In summary, it was shown that θ in linear cell strands of cardiac tissue is reduced to a far larger extent by partial gap junctional uncoupling than by a reduction of excitability. This reflects an increased margin of safety of propagation during electrical uncoupling. Whereas primarily ICa- supported conduction during suppression of INa remained largely uniform, it became highly discontinuous during partial uncoupling. Ultra-slow conduction during critical uncoupling was characterized by activation advancing stepwise and with variable delays from small groups of cells to the next groups. In these groups, dV/dtmax was reduced only slightly compared with controls. Minimal θs measured over ≈1-mm–long segments were as low as a few millimeters per second, thus emphasizing the feasibility of micro-reentrant excitation to occur in tissue areas measuring considerably <1 mm2.
This work was supported by the Swiss National Science Foundation. We would like to thank Mrs R. Flückiger Labrada for the cell culture work.
- Received January 14, 1998.
- Accepted August 7, 1998.
- © 1998 American Heart Association, Inc.
Dominguez G, Fozzard HA. Influence of extracellular K+ concentration on cable properties and excitability of sheep cardiac Purkinje fibers. Circ Res. 1970;26:565–574.
Cranefield PF, Wit AL, Hoffman BF. Conduction of the cardiac impulse, III: characteristics of very slow conduction. J Gen Physiol. 1972;59:227–246.
Kléber AG, Janse MJ, Wilms-Schopmann FJG, Wilde AAM, Coronel R. Changes in conduction velocity during acute ischemia in ventricular myocardium of the isolated porcine heart. Circulation. 1986;73:189–198.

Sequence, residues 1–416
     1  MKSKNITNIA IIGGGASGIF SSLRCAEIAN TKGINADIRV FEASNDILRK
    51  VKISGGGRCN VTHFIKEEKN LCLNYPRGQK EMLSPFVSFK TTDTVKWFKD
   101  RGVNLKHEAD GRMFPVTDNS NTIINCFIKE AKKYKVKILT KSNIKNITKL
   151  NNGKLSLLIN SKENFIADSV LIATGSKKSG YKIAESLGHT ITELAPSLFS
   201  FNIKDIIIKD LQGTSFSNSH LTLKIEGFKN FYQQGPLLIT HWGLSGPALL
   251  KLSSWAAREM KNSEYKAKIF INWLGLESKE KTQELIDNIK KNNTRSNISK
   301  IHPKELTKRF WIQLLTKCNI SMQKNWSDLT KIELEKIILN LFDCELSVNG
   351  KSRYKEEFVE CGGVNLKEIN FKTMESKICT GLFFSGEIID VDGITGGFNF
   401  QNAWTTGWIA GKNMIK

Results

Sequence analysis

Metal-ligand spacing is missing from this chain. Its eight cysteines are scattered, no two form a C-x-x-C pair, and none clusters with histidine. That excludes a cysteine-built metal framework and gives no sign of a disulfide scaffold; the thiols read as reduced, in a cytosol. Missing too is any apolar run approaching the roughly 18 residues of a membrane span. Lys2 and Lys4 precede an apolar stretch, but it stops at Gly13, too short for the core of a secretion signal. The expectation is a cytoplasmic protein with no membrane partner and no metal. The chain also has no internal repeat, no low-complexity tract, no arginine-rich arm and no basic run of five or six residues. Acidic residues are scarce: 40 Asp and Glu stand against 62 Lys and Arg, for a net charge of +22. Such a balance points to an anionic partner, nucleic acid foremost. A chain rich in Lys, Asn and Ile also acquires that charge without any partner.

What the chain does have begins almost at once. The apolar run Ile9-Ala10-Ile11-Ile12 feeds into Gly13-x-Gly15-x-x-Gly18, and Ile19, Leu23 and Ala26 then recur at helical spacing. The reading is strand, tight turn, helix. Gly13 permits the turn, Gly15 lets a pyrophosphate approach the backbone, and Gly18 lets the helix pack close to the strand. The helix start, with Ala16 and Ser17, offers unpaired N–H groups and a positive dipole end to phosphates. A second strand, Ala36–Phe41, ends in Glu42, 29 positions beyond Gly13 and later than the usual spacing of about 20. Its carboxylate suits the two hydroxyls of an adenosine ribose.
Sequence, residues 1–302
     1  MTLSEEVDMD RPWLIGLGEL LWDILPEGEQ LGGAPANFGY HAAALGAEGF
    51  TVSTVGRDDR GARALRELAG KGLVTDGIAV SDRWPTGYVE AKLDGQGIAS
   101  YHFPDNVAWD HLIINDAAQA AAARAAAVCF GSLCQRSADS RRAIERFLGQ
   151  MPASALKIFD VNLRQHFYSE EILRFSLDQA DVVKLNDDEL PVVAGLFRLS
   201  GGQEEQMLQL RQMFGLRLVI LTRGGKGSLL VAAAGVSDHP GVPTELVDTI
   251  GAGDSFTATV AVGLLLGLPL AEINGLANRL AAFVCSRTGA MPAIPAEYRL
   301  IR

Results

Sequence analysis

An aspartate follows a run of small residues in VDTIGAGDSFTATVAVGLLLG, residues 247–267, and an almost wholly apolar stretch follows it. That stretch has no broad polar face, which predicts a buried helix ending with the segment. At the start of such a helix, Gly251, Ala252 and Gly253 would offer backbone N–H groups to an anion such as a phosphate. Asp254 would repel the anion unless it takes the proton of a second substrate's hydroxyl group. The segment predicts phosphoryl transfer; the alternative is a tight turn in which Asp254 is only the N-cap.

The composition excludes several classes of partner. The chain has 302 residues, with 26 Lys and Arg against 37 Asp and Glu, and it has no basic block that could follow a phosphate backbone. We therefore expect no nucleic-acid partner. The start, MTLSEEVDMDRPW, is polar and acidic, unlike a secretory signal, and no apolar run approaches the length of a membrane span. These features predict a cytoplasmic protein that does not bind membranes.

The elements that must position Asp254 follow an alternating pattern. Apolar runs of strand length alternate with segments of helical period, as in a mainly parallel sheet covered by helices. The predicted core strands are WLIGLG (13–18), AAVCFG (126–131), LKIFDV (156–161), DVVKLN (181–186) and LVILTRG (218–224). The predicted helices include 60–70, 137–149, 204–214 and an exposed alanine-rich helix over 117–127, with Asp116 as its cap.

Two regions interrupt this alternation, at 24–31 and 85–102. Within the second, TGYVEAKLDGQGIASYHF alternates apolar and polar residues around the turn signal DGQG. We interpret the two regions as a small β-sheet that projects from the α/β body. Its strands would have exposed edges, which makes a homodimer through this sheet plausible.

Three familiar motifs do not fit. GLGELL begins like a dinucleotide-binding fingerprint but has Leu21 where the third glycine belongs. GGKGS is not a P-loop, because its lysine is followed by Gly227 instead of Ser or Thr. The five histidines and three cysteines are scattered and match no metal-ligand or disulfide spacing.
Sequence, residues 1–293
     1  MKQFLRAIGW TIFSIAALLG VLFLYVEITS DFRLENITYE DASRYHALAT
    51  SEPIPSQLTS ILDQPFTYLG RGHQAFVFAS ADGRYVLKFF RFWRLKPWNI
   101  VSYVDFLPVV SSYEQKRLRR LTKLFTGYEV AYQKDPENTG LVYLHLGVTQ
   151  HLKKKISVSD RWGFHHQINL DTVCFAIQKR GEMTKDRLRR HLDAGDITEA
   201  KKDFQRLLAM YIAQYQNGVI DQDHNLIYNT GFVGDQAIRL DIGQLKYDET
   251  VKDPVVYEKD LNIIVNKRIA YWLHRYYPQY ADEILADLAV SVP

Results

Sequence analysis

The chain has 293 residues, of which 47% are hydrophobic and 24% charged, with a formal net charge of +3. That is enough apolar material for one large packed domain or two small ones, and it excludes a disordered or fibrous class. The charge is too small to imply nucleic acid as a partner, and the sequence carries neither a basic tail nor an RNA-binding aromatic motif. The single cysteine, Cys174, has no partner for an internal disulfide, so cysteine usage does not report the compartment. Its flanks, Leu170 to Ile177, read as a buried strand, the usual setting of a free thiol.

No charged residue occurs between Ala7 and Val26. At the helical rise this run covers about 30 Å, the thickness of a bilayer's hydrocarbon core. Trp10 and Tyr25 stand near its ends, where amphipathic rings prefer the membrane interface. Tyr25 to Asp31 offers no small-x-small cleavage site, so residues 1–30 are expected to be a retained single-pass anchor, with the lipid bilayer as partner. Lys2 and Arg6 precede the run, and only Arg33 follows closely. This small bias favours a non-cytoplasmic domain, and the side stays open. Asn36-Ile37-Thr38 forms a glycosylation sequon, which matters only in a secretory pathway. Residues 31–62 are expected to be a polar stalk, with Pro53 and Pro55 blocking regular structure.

Kagiyama Y, Hill JL, Gettes LS. Interaction of acidosis and increased extracellular potassium on action potential characteristics and conduction in guinea pig ventricular muscle. Circ Res. 1982;51:614–623.
Cole WC, Picone JB, Sperelakis N. Gap junction uncoupling and discontinuous propagation in the heart: a comparison of experimental data with computer simulations. Biophys J. 1988;35:809–818.
Delmar M, Michaels DC, Johnson T, Jalife J. Effects of increasing intercellular resistance on transverse and longitudinal propagation in sheep epicardial muscle. Circ Res. 1987;60:780–785.
Jalife J, Sicouri S, Delmar M, Michaels DC. Electrical uncoupling and impulse propagation in isolated sheep Purkinje fibers. Am J Physiol. 1989;257:H179–H189.
Gardner PI, Ursell PC, Fenoglio JJ, Wit AL. Electrophysiologic and anatomic basis for fractionated electrograms recorded from healed myocardial infarcts. Circulation. 1985;72:596–611.
Spach MS, Miller WT, Dolber PC, Kootsey JM, Sommer JR, Mosher CEJ. The functional role of structural complexities in the propagation of depolarization in the atrium of the dog: cardiac conduction disturbances due to discontinuities of effective axial resistivity. Circ Res. 1982;50:175–191.
Spach MS, Dolber PC, Heidlage JF. Influence of the passive anisotropic properties on directional differences in propagation following modification of the sodium conductance in human atrial muscle. Circ Res. 1988;62:811–832.
de Bakker JMT, van Capelle FJL, Janse MJ, Tasseron S, Vermeulen JT, de Jonge N, Lahpor JR. Slow conduction in the infarcted human heart: ‘zigzag’ course of activation. Circulation. 1993;88:915–926.
Shaw RM, Rudy Y. Ionic mechanisms of propagation in cardiac tissue: roles of the sodium and L-type calcium currents during reduced excitability and decreased gap-junction coupling. Circ Res. 1997;81:727–741.